destruct in the process of phagocytosis, and their average life span is only a few days.
                        An even more effective phagocytic defense comes from macrophages (“big eaters”). These large,
                        long–lived cells develop from monocytes, which constitute about 5% of circulating white blood
                        cells. New monocytes circulate in the blood for only a few hours and then migrate into tissues
                        where they are transformed into macrophages. Carrying out phagocytosis sets off internal
                        signaling pathways that activate the macrophages, increasing their defensive abilities in various
                        ways (described later in this chapter). Some macrophages migrate throughout the body, while
                        others reside permanently in various organs and tissues. Macrophages that are permanent
                        residents in the spleen, lymph nodes, and other tissues of the lymphatic system are particularly
                        well positioned to combat infectious agents. Microbes that enter the blood become trapped in
                        the netlike architecture of the spleen, whereas microbes in interstitial fluid flow into lymph and
                        are trapped in lymph nodes. In either location microbes soon encounter resident macrophages.
                        Figure 43.5 shows the components of the lymphatic system and summarizes its role in the body’s
                        defenses.
                        The other two types of phagocytes are less abundant and play a more limited role in innate
                        defense than neutrophils and macrophages. Eosinophils have low phagocytic activity but are
                        critical to defense against multicellular parasitic invaders, such as the blood fluke Schistosoma

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                                              43.1 Innate immunity provides broad defenses against infection

                         mansoni. Rather than engulfing such a parasite, eosinophils position themselves against the
                         parasite’s body and then discharge destructive enzymes that damage the invader. The fourth
                         type of phagocyte, dendritic cells, can ingest microbes like macrophages do. However, as you will
                         learn later in the chapter, their primary role is to stimulate the development of acquired
                         immunity.

Antimicrobial Proteins   Numerous proteins function in innate defense by attacking microbes directly or by impeding
                         their reproduction. You have already learned about the antimicrobial action of lysozyme. Other
                         antimicrobial proteins include about 30 serum proteins that make up the complement system. In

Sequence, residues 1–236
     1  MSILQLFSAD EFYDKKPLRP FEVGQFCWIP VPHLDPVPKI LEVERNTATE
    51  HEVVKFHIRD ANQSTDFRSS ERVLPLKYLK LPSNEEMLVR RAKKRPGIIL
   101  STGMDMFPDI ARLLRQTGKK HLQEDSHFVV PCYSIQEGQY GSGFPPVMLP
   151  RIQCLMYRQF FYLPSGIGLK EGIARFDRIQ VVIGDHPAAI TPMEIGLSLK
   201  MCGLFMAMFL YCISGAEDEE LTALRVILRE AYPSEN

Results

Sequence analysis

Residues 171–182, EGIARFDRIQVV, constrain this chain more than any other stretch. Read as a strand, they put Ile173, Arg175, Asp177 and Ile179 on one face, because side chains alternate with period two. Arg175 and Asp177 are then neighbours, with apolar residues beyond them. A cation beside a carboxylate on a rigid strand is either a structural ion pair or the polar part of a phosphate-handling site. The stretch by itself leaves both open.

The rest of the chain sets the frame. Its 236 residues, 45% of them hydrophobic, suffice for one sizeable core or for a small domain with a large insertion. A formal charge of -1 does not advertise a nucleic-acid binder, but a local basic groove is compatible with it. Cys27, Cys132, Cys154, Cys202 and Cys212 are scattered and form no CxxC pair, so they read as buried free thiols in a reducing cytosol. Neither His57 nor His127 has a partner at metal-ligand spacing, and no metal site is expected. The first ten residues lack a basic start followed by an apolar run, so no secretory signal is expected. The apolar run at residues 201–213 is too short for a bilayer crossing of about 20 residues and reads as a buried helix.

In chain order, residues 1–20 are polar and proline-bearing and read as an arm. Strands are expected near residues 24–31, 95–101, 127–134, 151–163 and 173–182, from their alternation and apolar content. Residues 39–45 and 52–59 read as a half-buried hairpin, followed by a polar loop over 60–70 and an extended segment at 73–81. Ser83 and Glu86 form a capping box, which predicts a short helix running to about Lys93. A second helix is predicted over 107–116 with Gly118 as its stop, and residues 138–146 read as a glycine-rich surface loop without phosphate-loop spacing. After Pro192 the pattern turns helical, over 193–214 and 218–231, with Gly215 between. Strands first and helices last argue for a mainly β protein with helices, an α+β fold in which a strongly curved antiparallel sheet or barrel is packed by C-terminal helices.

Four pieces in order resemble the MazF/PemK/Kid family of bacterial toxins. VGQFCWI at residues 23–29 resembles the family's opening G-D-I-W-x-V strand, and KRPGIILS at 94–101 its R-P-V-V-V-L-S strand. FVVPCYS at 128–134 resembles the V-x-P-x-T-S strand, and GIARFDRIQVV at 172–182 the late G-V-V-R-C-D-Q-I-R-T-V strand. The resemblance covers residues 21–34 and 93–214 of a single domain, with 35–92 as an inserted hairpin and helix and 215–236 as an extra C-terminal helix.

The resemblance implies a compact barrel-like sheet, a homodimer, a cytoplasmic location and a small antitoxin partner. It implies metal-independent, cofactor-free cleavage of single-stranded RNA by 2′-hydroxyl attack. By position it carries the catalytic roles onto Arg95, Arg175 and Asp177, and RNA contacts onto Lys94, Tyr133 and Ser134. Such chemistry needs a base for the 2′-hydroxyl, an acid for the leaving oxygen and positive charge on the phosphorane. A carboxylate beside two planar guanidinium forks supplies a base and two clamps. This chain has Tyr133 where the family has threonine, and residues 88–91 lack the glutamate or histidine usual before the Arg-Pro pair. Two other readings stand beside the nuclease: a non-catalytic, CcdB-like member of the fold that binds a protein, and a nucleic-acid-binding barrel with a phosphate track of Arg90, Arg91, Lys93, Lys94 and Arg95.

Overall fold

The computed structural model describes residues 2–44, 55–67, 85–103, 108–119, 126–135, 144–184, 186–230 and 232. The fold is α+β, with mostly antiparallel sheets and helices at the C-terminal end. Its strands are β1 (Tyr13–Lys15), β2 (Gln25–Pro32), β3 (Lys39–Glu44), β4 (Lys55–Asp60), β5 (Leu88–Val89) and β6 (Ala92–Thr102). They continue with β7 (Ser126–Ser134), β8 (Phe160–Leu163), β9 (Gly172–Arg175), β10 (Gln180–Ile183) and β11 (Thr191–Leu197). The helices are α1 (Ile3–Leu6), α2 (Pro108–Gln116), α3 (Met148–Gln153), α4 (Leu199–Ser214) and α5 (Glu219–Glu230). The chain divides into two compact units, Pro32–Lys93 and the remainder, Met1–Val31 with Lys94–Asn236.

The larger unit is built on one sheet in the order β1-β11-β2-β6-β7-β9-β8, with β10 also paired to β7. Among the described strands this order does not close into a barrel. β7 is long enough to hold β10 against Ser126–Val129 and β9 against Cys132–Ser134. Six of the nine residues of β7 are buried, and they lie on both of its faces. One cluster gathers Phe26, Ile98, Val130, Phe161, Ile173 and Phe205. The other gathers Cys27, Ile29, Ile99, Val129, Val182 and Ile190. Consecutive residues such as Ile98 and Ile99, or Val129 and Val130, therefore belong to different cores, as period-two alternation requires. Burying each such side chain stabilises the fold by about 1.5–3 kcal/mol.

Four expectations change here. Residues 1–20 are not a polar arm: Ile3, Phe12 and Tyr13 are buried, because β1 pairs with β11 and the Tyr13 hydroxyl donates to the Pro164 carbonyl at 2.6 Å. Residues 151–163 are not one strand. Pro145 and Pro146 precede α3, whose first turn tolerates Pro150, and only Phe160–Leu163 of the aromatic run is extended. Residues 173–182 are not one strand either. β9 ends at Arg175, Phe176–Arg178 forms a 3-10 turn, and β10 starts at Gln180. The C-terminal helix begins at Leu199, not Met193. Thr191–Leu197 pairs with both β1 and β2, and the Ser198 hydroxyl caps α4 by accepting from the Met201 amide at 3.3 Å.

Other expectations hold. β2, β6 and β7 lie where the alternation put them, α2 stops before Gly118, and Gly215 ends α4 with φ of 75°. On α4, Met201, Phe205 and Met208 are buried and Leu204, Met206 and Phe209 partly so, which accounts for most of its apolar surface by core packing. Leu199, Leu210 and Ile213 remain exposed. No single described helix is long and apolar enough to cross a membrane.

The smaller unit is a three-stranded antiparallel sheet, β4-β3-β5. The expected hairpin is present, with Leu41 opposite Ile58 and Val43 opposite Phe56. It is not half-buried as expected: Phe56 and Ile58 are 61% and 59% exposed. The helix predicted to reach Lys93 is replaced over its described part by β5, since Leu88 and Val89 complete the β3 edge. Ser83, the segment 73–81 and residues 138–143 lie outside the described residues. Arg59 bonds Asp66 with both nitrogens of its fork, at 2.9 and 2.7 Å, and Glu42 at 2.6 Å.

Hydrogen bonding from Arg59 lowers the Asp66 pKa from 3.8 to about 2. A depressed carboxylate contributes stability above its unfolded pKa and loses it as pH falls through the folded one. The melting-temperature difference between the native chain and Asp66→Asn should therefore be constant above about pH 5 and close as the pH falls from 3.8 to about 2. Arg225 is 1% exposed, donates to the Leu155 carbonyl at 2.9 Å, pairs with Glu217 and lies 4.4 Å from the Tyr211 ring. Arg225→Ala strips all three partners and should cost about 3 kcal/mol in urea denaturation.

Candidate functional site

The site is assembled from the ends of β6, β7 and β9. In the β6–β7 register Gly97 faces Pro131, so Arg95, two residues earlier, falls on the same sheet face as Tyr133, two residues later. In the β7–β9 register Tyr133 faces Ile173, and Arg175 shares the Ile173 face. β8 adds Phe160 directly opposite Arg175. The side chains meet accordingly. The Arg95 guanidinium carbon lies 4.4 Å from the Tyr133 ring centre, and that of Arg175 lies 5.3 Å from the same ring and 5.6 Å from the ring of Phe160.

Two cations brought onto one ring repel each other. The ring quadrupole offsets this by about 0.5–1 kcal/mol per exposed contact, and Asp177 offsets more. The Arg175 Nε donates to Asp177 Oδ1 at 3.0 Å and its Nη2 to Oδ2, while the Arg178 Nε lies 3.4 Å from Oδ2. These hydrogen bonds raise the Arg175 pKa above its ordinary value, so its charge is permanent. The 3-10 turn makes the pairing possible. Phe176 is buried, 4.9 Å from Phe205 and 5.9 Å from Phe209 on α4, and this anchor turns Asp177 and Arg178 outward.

the absence of infection, these proteins are inactive. Substances on the surface of many
                         microbes, however, can trigger a cascade of steps that activate the complement system, leading
                         to lysis (bursting) of invading cells. Certain complement proteins also help trigger inflammation
                         or play a role in acquired defense.
                         Two types of interferon (α and β) provide innate defense against viral infections. These proteins
                         are secreted by virus–infected body cells and induce neighboring uninfected cells to produce
                         other substances that inhibit viral reproduction. In this way, interferons limit the cell–to–cell
                         spread of viruses in the body, helping control viral infections such as colds and influenza. This
                         innate defense mechanism is not virus–specific; interferons produced in response to one virus
                         may also confer short–term resistance to unrelated viruses. Certain lymphocytes secrete a third
                         type of interferon (γ) that helps activate macrophages, enhancing their phagocytic ability.
                         Interferons can now be mass–produced by recombinant DNA technology and are being tested for
                         the treatment of viral infections and cancer.
                         Yet another group of antimicrobial proteins, fittingly named defensins, are secreted by activated
                         macrophages. These small proteins damage broad groups of pathogens by various mechanisms
                         without harming body cells.

Inflammatory Response    Damage to tissue by physical injury or the entry of pathogens leads to release of numerous
                         chemical signals that trigger a localized inflammatory response. One of the most active
                         chemicals is histamine, which is stored in mast cells found in connective tissues. When injured,